US: Nursing Homes Owner To Pay $45 Million Settlement in Kickback Case
The owner of six California skilled nursing facilities agreed to a US$45.6 million settlement Wednesday to resolve allegations that she and her companies had submitted false Medicare claims and paid kickbacks to physicians at the expense of her patients’ health and well-being.
Prema Thekkek, owner of Paksn Inc., the parent company of the nursing facilities, admitted to violating the U.S. Anti‑Kickback Statute, which prohibits offering payment for medical referrals or services provided by Medicare, the U.S. federal health insurance program.
From 2009 to 2021, California-based nursing homes Kayal Inc., Nadhi Inc., Oakrheem Inc., Bayview Care Inc., Aakash Inc., and Nasaky Inc., paid kickbacks to physicians so that they would refer patients needing round-the-clock care to their doors.
“The administrators and beneficiaries of the Medicare Program expect that providers will make decisions based on sound medical judgment, not their personal self-interest,” said U.S. Attorney Martin Estrada for the Central District of California.
According to authorities, Thekkek’s nursing homes conspired to pay physicians in proportion to the number of expected referrals provided, and fired doctors who could not or would not keep up with the required quota.
In one instance, a Paksn employee reported to Thekkek that the company had hired two physicians because they could promise “at least 10 patients for $2,000 per month.”
“Good job. Make sure they give you patients everyday,” Thekkek replied.
On another occasion, another employee informed Thekkek that while her nursing homes had been paying a certain doctor $1,500 every month, he had only referred two patients to them. “So we didn’t pay him anything from January onwards,” the employee said.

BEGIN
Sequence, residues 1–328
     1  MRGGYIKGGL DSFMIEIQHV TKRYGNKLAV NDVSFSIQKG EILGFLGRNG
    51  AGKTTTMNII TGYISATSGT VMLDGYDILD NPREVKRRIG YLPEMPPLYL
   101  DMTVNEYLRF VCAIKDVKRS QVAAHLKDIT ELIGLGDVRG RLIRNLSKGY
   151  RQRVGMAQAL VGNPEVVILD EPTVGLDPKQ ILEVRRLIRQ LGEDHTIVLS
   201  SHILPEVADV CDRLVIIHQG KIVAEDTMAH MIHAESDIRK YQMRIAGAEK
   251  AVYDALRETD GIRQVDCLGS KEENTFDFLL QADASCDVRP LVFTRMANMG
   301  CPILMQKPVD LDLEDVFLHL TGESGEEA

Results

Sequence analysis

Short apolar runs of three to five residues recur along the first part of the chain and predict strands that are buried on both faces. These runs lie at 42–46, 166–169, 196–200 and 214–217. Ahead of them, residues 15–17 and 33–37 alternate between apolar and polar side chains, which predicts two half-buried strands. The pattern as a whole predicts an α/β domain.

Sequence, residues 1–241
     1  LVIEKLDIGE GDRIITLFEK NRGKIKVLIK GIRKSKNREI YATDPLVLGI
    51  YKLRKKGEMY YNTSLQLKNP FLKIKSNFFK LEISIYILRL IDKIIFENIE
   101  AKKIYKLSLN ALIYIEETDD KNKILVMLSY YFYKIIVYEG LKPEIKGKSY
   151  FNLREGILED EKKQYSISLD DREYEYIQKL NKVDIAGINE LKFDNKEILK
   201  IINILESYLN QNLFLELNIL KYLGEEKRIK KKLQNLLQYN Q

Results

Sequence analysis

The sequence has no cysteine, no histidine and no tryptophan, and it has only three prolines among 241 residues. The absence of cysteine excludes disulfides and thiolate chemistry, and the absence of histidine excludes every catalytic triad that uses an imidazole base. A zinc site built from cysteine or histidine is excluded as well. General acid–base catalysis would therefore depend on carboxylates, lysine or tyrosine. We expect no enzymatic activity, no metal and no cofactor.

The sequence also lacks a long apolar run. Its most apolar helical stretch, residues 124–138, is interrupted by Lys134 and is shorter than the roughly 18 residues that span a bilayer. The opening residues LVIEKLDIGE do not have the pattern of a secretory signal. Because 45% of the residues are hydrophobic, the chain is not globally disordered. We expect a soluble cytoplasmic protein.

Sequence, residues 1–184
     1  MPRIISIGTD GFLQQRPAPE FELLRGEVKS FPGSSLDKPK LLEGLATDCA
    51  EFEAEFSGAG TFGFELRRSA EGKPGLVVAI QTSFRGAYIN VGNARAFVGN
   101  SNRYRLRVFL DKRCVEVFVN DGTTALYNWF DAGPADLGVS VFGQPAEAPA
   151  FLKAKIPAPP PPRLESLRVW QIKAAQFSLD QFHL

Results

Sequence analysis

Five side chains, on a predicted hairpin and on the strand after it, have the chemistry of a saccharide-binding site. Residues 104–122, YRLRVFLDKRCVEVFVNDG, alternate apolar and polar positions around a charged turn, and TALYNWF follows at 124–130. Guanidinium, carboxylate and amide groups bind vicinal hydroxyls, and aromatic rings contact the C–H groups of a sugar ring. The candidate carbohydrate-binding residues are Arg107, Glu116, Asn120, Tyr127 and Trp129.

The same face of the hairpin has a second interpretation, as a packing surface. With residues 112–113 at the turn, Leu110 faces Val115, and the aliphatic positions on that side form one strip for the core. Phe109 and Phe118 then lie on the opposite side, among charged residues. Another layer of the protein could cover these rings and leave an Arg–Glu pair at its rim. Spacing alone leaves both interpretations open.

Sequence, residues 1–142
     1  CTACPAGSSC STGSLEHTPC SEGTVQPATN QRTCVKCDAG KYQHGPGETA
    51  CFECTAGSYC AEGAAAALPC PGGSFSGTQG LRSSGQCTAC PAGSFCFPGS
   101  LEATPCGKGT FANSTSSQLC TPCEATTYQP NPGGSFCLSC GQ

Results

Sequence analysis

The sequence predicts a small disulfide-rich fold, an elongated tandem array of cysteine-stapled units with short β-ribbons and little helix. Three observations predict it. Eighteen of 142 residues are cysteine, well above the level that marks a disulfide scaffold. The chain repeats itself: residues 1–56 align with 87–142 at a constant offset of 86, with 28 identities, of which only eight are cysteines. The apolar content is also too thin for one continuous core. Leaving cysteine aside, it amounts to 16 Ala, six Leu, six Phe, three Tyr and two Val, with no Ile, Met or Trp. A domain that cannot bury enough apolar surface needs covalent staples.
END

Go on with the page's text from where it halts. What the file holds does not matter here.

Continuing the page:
Thekkek’s business model appears to have depended on its corruption of the U.S. healthcare industry. She stipulated to her workers that if they didn’t bribe medical doctors every month, then they wouldn’t receive referrals from them, the U.S. Department of Justice said.
Prosecutors said bribing doctors jeopardizes patient well-being and defrauds taxpayers.
“Kickbacks can impair the independence of physician decision-making and waste taxpayer dollars,” said Principal Deputy Assistant Attorney General Brian M. Boynton, head of the Justice Department’s Civil Division. “The department is committed to preventing illegal financial relationships that undermine the integrity of our public health care programs.”
Under the terms of the settlement, in addition to the $45.6 million penalty, the conspirators agreed to make scheduled payments of at least $385,000 to the government over the next five years.
This payment schedule was determined based on the defendants’ lack of ability to pay what they owed all at once, the DOJ said. Percentages of Thekkek’s income will be garnished until her debt to society is paid. That means the government will seize 50 percent of every dollar of income between $52,000 to $104,000, and 25 percent for every dollar beyond $104,000.
The settlement stipulates that Thekkek will not have to forfeit her home; jewelry, artwork or heirlooms; her own Social Security benefits; or certain other assets, such as her BMW and Mercedes.
If she sells real estate other than her home, however, she is to turn over 100 percent of the proceeds to the government after debts are settled. If she does sell her home, she has six months to buy something for the same or a lesser price, while the government can confiscate any surplus funds.